Karmen and I had a great blether recently about her writing process and what made her choose Mexico as the setting for her gripping psychological spy thriller. This is obviously delving into a different genre from my usual historical fiction but No Such Thing as Goodbye is a cracking good read, and I wanted to learn more.
You’ve set No Such Thing as Goodbye in Mexico. What drew you to that particular country?
I needed a place that would fit well with the development of the story, something far enough away to create an illusion of safety, but different from what Toni is used to (she comes from Amsterdam). One of my good friends is from Mexico and he’d often mention something that happened, or a food he liked and missed, so I decided to place the story in Mexico. Of course, this was also a good excuse to actually travel to Mexico and experience some of these things by myself, though I didn’t go quite as far in my adventures as Toni did. Luckily, the book is part of a series, so I now have a good excuse to visit Mexico more often and see if all those tacos and enchiladas still taste as good as they did a few years ago. One can’t be too thorough when doing research…
I must say I enjoyed reading a thriller which didn’t have a hard bitten detective at its centre, for a change. Your protagonist, Toni, is young and vulnerable. Can you tell us how she came into being?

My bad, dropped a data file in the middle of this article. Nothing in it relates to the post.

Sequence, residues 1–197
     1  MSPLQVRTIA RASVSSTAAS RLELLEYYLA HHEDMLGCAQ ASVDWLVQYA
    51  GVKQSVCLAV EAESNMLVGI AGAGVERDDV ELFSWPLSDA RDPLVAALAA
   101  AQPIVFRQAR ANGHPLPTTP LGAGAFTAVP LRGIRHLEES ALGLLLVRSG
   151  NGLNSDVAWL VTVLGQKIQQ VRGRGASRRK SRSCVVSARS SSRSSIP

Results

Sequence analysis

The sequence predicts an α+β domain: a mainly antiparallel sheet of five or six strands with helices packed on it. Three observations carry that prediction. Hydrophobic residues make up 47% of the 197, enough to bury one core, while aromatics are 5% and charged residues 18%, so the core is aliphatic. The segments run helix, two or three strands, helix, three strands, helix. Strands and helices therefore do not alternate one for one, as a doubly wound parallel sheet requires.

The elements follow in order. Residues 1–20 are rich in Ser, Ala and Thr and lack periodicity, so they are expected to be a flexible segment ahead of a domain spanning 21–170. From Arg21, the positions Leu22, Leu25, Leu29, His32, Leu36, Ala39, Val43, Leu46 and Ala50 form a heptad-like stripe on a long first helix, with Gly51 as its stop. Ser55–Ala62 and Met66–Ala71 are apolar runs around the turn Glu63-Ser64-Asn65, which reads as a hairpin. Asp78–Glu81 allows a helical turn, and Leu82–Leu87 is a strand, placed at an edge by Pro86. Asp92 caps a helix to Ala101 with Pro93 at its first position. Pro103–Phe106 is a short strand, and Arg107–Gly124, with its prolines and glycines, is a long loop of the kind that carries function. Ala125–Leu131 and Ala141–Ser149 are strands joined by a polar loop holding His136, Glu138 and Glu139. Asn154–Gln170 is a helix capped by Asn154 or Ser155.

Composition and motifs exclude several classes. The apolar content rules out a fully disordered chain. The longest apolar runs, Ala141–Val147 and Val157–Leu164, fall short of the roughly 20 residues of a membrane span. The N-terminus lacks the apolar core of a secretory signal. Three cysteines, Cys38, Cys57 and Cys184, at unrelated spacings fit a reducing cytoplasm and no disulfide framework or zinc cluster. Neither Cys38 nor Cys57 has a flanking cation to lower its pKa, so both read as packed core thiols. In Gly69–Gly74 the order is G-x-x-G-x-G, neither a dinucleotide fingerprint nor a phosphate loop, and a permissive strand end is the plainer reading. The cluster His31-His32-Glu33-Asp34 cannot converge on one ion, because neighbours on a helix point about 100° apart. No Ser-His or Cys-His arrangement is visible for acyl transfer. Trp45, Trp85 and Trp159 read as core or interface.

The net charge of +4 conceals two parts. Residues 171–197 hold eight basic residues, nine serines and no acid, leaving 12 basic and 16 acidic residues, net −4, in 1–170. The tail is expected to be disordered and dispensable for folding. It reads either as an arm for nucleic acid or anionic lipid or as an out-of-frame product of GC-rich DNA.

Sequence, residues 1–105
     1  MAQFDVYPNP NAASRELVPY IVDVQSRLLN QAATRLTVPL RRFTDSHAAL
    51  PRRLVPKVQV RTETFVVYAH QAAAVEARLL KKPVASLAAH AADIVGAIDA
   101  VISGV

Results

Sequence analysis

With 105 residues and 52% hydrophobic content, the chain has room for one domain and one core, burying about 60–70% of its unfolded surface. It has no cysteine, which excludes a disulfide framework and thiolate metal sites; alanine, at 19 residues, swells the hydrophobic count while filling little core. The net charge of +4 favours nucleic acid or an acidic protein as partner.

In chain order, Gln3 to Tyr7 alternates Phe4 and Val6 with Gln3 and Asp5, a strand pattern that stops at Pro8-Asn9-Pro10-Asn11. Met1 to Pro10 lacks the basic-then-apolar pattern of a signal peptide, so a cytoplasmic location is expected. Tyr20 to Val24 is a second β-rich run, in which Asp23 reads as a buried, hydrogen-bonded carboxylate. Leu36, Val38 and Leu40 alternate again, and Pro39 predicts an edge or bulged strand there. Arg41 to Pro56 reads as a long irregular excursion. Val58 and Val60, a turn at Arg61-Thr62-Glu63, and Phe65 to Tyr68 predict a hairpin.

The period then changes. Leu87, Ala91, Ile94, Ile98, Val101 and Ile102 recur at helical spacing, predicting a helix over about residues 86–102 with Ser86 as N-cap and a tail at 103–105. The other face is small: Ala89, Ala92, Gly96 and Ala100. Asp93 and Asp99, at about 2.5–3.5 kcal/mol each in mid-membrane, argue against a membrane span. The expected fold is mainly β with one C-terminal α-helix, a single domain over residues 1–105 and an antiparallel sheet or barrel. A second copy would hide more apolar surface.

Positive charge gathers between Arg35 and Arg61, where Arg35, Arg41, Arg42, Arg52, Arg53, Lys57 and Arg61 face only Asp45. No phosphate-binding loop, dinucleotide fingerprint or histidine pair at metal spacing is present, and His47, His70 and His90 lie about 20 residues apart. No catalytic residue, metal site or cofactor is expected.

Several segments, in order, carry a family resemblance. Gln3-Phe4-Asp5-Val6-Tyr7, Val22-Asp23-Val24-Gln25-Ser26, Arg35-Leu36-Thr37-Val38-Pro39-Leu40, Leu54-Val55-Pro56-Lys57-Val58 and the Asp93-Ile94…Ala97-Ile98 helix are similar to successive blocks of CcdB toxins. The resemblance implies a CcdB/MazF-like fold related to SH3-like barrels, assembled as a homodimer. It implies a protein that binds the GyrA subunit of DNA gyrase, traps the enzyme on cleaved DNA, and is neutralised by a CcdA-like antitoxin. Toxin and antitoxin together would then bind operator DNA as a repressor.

Writing a spy novel is something I’ve wanted to do for a while, but I waited for the character to come and find me. Reading an account of someone who was involved in crime but came clean and angered their family lit a spark. The same day, Toni sprung to life and I barely had enough time to catch her story as it started to pour out.
Making her young was intentional, as I knew I was writing a series, but I also wanted to leave enough space for Toni to develop and grow. Twenty-five seemed like an interesting age, with quite a few important life decisions ahead. She’s old enough to have gained some experience and insight, but still quite young and not yet properly cynical.
After writing the book, I discovered a bunch of spy-themed podcasts and found out that Toni’s age is within the age range for spy recruitment, which was a lucky coincidence on my side. I’m also looking forward to seeing how Toni will handle some of the obstacles in her way and whether her goals and desires will change as she grows older.
What was the most challenging thing about creating a psychological thriller, and the most fun part?
The most fun part is definitely writing the first draft, which I did during NaNoWriMo. At the time, I thought I was just writing a spy thriller, but after getting some feedback from advanced readers, it became clear the story had a strong psychological aspect. I really enjoy the freedom of this genre, to be able to make up stuff and build tension from within. Toni’s relationship with her two brothers plays an important part, too, and I love creating drama by pulling those relationship strings between the characters.
The most difficult part was revising and cleaning up. As this is my first crime fiction novel, I’ve had to learn quite a few things. The book went through several drafts and I had to do a lot of cleaning up afterwards, which was quite tedious, but also rewarding.
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